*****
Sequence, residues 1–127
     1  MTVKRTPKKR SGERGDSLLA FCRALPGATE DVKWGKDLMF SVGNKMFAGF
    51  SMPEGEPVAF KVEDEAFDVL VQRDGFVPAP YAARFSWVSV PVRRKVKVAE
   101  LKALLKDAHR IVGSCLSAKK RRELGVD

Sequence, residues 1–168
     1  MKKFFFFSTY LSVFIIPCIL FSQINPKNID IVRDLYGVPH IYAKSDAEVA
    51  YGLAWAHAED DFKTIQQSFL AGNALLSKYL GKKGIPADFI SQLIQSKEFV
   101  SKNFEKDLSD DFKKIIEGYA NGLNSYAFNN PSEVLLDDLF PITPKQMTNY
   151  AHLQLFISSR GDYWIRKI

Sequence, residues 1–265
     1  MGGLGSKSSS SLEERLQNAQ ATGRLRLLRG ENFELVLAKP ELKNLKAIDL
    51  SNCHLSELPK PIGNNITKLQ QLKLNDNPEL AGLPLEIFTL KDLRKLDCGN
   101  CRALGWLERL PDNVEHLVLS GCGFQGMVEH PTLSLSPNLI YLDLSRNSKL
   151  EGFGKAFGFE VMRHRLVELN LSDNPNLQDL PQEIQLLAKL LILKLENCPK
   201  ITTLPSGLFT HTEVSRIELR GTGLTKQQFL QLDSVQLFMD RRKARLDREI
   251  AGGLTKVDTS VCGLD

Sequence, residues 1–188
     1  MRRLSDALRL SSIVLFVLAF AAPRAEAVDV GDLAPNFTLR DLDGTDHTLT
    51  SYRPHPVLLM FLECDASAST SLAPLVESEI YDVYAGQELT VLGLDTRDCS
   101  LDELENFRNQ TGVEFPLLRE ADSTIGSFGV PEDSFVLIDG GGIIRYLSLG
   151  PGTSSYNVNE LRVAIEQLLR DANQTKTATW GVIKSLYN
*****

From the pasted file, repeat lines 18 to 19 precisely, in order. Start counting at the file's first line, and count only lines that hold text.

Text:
     1  MRRLSDALRL SSIVLFVLAF AAPRAEAVDV GDLAPNFTLR DLDGTDHTLT
    51  SYRPHPVLLM FLECDASAST SLAPLVESEI YDVYAGQELT VLGLDTRDCS